Well I just got back from Vegas. It has taken the better part of a week to get my feet back on the ground. It was my first really big art show and I will sum it up as a learning experience.
My best chance at recouping some of the money I invested to go down there was when we got grabbed by the fast talking young fellow as we hurried by into the casino. All he wanted was a couple hours of our time to go check out their newest hot property deal.
For our time we would get a great buffet lunch and over $200 of coupons to use anywhere in the casino area for gaming, dining or spa services. They said they knew we didn't want to buy and there was no pressure, just all the free stuff for our time. We passed on the ever so tempting offer to be bullied for two hours for a few bucks.
We went back to our room and turned on the TV to the never ending breaking news that the country's financial system is on the brink of collapse. Hmm, makes me want to go down and buy that hot property right now just to go into debt.
There is certainly a disconnect in the bowels of the casino world and the rest of the nation.
My room was on one side of the big Luxor/Mandalay Bay resort complex and the art show was on the other so I had to traverse the entire complex of three indoor malls and two casinos and six Starbucks each trip.
I saw many people as I made the long trek each morning and evening. It was fun to observe the crowds. There was even a guy wandering through with an AIG t-shirt on. I'm not sure I would wear one after that company was one of the recent Wall Street failures that is contributing to this mess.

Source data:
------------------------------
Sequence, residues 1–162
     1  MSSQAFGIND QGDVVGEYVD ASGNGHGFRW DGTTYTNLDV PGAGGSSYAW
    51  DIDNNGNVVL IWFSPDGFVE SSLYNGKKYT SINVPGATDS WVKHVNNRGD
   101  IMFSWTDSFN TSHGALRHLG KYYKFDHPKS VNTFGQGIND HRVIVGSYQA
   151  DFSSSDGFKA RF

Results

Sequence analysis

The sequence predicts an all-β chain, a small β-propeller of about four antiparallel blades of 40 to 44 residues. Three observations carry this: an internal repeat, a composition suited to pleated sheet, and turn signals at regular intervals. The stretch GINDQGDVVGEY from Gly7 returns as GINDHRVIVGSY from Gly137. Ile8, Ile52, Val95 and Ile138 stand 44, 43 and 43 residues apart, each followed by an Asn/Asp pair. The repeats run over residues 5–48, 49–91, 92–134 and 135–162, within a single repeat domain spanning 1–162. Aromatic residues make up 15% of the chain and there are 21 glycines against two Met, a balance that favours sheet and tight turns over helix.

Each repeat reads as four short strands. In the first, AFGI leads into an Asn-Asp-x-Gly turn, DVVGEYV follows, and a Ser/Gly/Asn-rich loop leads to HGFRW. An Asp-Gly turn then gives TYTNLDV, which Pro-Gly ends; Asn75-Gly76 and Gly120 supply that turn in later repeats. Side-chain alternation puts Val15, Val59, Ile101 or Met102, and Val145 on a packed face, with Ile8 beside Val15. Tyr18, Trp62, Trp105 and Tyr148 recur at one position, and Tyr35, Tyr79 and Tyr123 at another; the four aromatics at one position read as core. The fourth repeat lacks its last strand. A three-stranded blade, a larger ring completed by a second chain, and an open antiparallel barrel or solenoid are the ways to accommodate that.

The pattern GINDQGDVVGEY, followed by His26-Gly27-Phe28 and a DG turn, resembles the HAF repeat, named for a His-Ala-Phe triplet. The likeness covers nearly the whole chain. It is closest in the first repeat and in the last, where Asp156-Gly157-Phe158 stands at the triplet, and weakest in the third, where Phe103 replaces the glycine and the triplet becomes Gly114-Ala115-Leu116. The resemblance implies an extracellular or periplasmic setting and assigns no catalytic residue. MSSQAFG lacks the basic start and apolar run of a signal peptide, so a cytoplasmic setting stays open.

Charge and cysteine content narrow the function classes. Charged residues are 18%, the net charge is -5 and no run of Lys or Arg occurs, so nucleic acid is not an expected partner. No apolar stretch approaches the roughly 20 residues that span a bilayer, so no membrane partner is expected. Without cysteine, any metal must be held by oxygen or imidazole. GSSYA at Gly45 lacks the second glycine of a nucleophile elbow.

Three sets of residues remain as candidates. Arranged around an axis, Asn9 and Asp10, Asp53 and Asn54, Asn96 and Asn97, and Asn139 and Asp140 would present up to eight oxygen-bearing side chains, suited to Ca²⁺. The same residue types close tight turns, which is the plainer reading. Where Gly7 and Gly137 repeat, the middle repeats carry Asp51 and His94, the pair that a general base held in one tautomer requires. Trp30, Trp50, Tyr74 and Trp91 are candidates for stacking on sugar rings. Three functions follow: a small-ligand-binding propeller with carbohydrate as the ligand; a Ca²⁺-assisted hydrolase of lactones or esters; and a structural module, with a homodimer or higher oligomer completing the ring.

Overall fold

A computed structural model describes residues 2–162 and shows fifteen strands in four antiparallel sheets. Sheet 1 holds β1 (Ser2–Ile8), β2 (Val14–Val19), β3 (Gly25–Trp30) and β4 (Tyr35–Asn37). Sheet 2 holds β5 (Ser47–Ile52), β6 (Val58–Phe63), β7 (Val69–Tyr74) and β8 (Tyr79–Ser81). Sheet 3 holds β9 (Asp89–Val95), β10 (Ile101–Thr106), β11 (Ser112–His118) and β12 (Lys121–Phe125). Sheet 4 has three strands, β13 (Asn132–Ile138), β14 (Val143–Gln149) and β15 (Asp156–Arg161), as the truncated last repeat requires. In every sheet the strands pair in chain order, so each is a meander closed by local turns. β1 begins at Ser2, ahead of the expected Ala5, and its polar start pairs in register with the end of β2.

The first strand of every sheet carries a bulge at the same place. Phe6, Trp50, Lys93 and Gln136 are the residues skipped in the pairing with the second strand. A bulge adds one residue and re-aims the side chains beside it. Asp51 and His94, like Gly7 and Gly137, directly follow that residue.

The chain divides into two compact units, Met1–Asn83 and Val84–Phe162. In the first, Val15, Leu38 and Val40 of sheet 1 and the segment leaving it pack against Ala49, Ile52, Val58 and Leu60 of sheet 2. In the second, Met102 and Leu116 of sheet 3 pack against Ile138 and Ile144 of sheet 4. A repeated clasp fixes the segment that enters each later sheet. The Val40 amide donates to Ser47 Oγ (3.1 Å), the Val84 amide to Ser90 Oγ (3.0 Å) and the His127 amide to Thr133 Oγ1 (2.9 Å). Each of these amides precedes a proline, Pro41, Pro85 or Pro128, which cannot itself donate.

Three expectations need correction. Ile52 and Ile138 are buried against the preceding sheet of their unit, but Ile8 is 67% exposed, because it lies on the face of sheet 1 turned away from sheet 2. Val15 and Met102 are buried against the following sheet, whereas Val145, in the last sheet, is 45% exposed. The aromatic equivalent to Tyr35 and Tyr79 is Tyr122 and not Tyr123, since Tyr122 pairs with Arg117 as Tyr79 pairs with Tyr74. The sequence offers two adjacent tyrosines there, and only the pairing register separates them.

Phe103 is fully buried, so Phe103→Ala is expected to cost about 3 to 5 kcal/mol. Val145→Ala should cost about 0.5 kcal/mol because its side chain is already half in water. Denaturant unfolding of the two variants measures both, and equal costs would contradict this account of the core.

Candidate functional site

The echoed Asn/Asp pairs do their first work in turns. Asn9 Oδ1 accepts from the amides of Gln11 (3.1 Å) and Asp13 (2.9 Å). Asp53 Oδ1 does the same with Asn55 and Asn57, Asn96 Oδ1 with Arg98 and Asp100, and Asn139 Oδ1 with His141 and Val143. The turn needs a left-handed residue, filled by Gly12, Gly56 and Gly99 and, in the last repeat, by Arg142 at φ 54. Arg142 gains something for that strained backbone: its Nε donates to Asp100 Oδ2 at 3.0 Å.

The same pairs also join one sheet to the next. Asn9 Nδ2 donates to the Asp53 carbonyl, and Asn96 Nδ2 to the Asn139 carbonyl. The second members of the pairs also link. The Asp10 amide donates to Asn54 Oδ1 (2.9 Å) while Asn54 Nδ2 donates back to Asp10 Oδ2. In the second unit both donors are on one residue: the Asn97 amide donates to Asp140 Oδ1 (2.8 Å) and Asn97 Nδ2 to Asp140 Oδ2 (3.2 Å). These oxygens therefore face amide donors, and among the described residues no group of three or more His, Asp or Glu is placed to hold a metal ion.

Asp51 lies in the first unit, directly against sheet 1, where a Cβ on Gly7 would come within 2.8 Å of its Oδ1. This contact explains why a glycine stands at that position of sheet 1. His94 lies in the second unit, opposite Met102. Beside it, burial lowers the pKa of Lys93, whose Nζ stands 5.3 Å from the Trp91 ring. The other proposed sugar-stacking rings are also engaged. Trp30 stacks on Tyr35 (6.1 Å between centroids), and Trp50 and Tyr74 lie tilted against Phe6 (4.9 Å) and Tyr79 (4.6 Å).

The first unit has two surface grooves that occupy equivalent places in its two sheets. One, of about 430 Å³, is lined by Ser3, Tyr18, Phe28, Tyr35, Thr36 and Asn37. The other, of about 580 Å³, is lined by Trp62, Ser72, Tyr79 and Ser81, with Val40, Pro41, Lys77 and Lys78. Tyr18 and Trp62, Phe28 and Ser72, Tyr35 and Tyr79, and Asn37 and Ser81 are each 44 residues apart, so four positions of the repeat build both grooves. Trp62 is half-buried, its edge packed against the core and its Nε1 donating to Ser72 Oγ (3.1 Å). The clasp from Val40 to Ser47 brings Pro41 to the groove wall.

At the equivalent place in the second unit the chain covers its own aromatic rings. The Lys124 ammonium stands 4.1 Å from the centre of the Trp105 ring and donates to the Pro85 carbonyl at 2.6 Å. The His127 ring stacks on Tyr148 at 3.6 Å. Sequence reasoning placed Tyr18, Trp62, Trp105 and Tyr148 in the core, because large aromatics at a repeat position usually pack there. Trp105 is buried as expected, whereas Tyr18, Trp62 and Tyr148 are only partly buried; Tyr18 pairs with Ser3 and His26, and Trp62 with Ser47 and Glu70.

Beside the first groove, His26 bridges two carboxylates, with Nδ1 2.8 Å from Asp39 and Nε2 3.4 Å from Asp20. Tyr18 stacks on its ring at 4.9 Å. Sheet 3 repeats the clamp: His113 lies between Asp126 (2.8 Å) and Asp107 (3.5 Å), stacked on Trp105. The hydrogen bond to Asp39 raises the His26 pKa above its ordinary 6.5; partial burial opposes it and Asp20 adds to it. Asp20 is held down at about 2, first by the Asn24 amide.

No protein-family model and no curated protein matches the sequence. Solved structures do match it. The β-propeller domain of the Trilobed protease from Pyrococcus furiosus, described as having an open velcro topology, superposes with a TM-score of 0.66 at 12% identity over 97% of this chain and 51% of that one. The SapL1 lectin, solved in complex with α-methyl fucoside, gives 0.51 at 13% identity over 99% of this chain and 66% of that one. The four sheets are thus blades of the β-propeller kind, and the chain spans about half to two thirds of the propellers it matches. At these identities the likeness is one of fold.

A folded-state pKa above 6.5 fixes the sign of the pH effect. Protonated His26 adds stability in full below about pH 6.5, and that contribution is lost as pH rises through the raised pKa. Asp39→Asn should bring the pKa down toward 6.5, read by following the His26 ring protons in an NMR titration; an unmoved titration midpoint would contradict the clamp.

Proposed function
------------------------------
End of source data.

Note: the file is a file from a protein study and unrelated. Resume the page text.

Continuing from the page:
People weren't flocking to the show and I had been given a lot of free comp tickets so I tried to give them away on Sunday as I headed to the show. It was hard to do. Most people were sure I wanted something from them or it was a scam. I finally gave up before security came looking for me.
Those that did make it in were also fun to watch as they tried to slide past art they didn't like without making eye contact. It was funny to see what would attract each person. My little artist neighborhood was highly eclectic and so it could be any of us that was the favorite at any one time. None of us sold much.
So I sit here pondering my next step while keeping an eye on the economy. I worry if this will hurt my chances to sell art for a while. But mostly I worry how it hurts those most vulnerable such as low wage earners and seniors.
It feels like we are sitting pouring our money into a giant slot machine and pulling the handle.
Each pull gives us nothing.
The fat cats that run the house with the odds stacked in favor of themselves are acting a bit worried. But in the end they rule the cards and are still trying to convince us they are the only game in town.
They need a learning experience themselves.